Hawaiʻi’s first lady visits UH Hilo, learns about science and technology programs

Mrs. Ige saw presentations about unmanned aerial vehicles, robotics, award-winning online sci-fi games, and more.

By Susan Enright.

Mrs. Ige  sits in front row listening to students. Drones are on table next to Mrs. Ige.
(l-r) Mrs. Ige listens to computer science students Casey Pearring and Theodore DeRego talk about their online sci-fi game that won them first place in the 2015 Microsoft Imagine Cup Pitch Video Challenge. On the desk to Mrs. Ige’s right are several aerial vehicles, which were part of an earlier presentation about UH Hilo’s UAV work by cyber computer programmer Nick Turner and colleagues. 

Mrs. Ige, first lady of the state of Hawaiʻi, visited the University of Hawaiʻi at Hilo on May 8 and learned about several innovative science and technology programs. After visiting several high schools earlier in the day, Dawn Amano-Ige arrived at the UH Hilo campus in the afternoon and met with students, staff, and faculty at the Sciences and Technology Building.

Two techs talk to Mrs Ige and Matt Platz.
Nick Turner (left) and Nathan Stephenson give a presentation to Mrs. Ige (with lei) about the work done with unmanned aerial vehicles during the lava flow crisis in Puna last fall. 

“It was a great exchange and fun to see all the innovation at UH Hilo,” says Nick Turner, cyber computer programmer who along with colleagues Arthur Cunningham, an aviation program consultant, and Nathan Stephenson, a geography graduate student, shared information with the first lady about the work UH Hilo did with unmanned aerial vehicles in support of Civil Defense at the Pāhoa lava flow site.

Turner and his group showed Mrs. Ige UH Hilo’s fleet of UAV, focusing on the lava flow work.

“UAV’s are more than just a way to take pretty pictures, we can apply them to gather quantifiable data for applied science applications that can help during an emergency situation like the June 27th lava flow event,” says Turner.

Turner says Mrs. Ige was interested in learning about the beneficiaries of the information that was gathered. “I explained that our goal was to help the decision makers at Civil Defense become better informed on what the lava flow was doing, but we also partnered with HVO (Hawaii Volcanoes Observatory) and HCC (Hawaiʻi Community College) so it became a very collaborative effort.”

Casey Pearring and Theodore DeRego, two members of Team Hoku, a group of computer science students who recently won the games category of the 2015 Microsoft Imagine Cup Pitch Video Challenge, demonstrated their new computer game. The Microsoft Imagine Cup Competition is recognized as the premier global student technology competition. Team Hoku created reForge, an online sci-fi sandbox game where players command highly customizable ships in tactical battles. Players collect resources, trade in a player-driven economy, and team up to competitively control various parts of the game universe.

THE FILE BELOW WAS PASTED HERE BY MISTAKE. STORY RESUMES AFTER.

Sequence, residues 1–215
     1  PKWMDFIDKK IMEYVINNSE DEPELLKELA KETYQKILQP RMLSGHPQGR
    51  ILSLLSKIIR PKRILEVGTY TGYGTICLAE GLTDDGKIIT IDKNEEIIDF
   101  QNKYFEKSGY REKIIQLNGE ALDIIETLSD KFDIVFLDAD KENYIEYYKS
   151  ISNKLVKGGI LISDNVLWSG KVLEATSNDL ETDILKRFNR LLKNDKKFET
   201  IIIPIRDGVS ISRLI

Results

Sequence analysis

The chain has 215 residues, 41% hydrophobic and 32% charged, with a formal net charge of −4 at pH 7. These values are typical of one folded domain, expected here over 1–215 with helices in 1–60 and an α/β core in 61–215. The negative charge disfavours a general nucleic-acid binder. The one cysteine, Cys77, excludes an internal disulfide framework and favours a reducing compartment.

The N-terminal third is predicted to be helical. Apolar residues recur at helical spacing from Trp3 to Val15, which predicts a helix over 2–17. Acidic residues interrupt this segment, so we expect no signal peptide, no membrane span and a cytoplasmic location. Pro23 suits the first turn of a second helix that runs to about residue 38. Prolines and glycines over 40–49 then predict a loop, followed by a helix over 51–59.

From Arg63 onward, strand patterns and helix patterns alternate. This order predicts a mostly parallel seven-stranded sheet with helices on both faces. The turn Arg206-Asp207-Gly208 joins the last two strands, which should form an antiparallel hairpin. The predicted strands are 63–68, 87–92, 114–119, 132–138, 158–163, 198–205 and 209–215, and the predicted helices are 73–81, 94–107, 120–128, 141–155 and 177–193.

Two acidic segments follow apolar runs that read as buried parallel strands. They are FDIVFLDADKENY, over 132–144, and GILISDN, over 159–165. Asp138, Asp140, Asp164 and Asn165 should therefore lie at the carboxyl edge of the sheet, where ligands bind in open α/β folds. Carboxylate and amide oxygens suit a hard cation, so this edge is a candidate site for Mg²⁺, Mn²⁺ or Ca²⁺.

The Team Vulcans robotics team gave a demonstration along with their faculty team leader Elliot Sanders, an engineer and affiliate at the College of Agriculture, Forestry and Natural Resource Management.

Two current candidates from UH Hilo’s master of arts in teaching program, who just completed year one of the program (preparation for licensure), did a presentation for Mrs. Ige. Britney Nakayama, elementary teacher candidate, and Jon Williamson, secondary science teacher candidate, provided an overview of the School of Education master’s program and shared their perspectives with her.

Joyce Hamasaki, a registered nurse and dean of career and technical education gave a presentation about the computer science and technology programs at Hawaiʻi Community College.

Hawaiʻi Island Honors

Mrs. Ige’s visit to UH Hilo concluded with the Hawaiʻi Island Honors event held at the Campus Center Dining Room. Hawaiʻi Island Honors was established this year to honor outstanding leadership, contributions and achievements made in science, technology, engineering and mathematics education, inspiring young students to pursue higher education and career opportunities in STEM fields. The inaugural banquet honored outstanding educators Dale Olive and Eric Hagiwara of Waiakea High School, who grew a robotics program to include cybersecurity and micro-robotics.

Dale Olive and Eric Hagiwara high five people giving them congratulations.
Dale Olive (left) and Eric Hagiwara receive congratulations from Waiakea and Hilo Robotics teams. Photos courtesy of UH Hilo University Relations. 
Mitch Roth, Dawn Amano-Ige and Kaialiʻi Kahele stand for photo. Mrs. Ige wears lei.
(l-r) Mitch Roth, Dawn Amano-Ige and Kaialiʻi Kahele at the Hawaiʻi Island Honors event.

 

About the writer of this story: Susan Enright is a public information specialist for the Office of the Chancellor and editor of UH Hilo Stories. She received her bachelor of arts in English and certificate in women’s studies from UH Hilo.

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